Allegories of Psychometric Testing

An allegory is an enactment, through symbolism, of some aspect of human life. Educational psychology uses different sets of symbols to measure different, supposedly discrete aspects of what it is to be a person. Inthe case of schooling,we have,for example, instruments for measuring "intelligence" and for measuring academic skills or "achievement."Intelligence and ability testing are bolstered by images of measuring devices which recall measurements made on physical objects.

Early intelligence researchers such as Samuel Morton (could, 1981) tried to estimate intellectual capacity by measuring the volume of buckwheat poured into an empty cranium; today psychometric vocabulary is built on terms such as "measures," "scales," "Charts," "graphs," "gauges," "Categories" and "divisions" which are redolent with connotations of standardized tools for physical measurement. Standard measures function much 'in the waythat a rain gauge measures liquid; that is they exclude qualities that might have "impurities" or "contaminants" distorting the test result. In this way, clusters of emotional, perceptual or cognitive patterns fostered by a variety of back grounds or historical circumstances are computed as "lacks" of qualities which the statistical majority possesses in larger quantity. Allegorically speaking, many of these symbols enact notions of inferiority or superiority.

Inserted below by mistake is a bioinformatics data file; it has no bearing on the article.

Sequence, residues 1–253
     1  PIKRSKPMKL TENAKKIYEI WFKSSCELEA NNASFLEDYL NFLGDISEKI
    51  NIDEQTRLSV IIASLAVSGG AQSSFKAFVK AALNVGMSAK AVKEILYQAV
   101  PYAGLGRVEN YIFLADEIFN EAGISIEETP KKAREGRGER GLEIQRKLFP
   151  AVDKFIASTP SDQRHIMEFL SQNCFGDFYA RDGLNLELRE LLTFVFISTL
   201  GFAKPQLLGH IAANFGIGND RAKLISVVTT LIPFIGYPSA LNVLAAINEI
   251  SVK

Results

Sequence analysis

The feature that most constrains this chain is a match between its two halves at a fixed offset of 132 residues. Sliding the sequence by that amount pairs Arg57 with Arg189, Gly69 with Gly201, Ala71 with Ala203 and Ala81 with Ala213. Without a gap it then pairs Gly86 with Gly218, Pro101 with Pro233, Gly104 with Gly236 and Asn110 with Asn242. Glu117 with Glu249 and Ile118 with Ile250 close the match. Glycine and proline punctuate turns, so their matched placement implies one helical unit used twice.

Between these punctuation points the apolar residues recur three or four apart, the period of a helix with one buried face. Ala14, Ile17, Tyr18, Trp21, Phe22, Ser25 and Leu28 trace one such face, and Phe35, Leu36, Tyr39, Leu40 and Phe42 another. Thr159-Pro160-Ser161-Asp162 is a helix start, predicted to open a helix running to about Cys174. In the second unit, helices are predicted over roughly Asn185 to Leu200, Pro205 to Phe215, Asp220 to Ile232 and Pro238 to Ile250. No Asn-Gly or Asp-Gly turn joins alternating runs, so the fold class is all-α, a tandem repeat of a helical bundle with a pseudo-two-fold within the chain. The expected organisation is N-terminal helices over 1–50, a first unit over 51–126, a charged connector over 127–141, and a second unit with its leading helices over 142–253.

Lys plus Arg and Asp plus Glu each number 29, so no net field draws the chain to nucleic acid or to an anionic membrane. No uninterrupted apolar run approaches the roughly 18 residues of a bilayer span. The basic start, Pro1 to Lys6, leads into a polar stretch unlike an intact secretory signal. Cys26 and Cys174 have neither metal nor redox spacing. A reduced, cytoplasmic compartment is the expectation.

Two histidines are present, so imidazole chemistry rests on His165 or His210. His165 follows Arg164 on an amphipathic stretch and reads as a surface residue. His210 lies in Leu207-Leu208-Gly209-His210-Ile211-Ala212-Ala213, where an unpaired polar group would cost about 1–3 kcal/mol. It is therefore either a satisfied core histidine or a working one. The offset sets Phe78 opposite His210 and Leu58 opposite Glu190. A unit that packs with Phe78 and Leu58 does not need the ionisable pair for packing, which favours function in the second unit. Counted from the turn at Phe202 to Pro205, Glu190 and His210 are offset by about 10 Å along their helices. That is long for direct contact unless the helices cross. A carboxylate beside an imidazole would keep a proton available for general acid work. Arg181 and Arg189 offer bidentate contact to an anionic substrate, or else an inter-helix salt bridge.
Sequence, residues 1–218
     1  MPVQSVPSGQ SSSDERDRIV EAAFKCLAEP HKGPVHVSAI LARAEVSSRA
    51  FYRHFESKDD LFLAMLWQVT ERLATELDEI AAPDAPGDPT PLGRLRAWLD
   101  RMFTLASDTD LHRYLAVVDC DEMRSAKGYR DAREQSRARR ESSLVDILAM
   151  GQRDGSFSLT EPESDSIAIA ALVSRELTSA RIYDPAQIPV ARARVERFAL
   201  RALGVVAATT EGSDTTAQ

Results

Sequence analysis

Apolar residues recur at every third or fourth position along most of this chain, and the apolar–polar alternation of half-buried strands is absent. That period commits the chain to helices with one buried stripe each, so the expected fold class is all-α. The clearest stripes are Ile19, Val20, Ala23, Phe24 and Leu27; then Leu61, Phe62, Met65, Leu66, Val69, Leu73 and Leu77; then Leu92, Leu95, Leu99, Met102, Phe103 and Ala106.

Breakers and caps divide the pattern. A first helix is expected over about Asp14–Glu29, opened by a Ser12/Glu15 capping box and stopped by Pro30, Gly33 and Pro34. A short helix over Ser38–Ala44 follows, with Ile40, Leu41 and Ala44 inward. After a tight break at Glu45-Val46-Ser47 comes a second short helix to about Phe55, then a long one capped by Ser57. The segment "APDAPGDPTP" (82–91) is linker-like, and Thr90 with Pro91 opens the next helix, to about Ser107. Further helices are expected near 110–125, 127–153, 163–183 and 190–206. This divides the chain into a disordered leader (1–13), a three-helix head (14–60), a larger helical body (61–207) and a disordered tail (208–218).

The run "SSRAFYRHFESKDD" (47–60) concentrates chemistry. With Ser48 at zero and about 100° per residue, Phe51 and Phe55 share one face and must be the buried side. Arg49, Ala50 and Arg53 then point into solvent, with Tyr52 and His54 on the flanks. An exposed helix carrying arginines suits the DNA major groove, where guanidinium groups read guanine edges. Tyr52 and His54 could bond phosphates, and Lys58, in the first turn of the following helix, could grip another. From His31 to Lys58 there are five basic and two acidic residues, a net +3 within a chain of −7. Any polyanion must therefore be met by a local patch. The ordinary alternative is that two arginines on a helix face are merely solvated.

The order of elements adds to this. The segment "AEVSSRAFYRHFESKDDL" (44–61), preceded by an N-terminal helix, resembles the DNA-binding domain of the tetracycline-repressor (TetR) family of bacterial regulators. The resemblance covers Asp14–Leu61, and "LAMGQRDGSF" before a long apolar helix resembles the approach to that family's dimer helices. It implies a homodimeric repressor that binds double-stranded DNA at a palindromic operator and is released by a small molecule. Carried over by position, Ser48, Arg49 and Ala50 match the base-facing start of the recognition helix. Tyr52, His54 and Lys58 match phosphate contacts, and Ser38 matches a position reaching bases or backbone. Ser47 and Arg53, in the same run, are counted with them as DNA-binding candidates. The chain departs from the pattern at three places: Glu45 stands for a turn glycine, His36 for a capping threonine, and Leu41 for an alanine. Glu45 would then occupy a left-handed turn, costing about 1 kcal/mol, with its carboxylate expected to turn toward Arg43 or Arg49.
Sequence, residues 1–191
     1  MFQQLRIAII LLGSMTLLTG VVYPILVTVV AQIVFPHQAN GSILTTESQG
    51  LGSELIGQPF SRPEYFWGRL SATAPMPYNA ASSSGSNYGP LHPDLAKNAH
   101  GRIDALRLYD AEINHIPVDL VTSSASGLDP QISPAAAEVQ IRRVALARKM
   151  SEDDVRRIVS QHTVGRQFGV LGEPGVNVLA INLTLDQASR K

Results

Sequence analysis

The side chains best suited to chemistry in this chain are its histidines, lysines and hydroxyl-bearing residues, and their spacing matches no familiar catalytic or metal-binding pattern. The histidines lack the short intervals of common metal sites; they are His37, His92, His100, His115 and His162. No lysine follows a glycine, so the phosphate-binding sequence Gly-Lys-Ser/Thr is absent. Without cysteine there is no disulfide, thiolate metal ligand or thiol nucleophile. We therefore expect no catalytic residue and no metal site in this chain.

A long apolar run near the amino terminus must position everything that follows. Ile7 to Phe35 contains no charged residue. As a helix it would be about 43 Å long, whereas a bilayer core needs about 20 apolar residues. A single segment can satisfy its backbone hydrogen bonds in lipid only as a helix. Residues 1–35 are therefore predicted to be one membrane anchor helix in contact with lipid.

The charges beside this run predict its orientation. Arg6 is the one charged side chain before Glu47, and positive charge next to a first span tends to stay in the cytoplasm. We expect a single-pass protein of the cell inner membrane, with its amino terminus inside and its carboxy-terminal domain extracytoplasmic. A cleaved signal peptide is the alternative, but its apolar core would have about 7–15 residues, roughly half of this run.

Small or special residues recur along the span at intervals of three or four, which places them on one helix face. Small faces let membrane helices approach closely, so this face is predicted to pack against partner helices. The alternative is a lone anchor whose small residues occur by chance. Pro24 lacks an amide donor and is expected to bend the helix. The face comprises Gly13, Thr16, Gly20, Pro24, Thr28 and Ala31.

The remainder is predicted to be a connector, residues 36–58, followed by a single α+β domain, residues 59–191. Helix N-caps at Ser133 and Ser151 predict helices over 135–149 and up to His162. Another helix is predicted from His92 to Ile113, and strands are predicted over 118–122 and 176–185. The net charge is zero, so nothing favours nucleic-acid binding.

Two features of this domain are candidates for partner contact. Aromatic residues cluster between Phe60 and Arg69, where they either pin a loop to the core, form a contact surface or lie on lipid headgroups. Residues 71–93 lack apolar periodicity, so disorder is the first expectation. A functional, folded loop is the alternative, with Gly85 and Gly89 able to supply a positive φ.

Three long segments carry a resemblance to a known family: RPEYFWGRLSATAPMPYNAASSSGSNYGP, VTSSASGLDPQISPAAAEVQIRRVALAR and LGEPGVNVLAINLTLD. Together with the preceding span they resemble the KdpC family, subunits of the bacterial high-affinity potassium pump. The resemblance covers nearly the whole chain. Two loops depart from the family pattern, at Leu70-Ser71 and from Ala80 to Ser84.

For instance, the "point scale" used by the Stanford-Binet Test, (Binet & Simon, 1911) as well as the majority of other aptitude tests illustrates the power of metaphors that characterize intelligence as a known quantity to be measured as if it were a physical substance. The term"scale"(which, is a metaphorical extension of the meaning of a tool used to calculate weight) appears repeatedly in discussions of psychometrics, as well is in the names of various tests such as the Wechsler Adult Intelligence Scale. Given this allegorical quality of measurement, it is highly unlikely that we will consider the possibility that there is some other, quality which a person in the 25th percentile has to a much greater degree than a person in the 98th, and that the very quality not included in the test may be an intelligence useful in other contexts.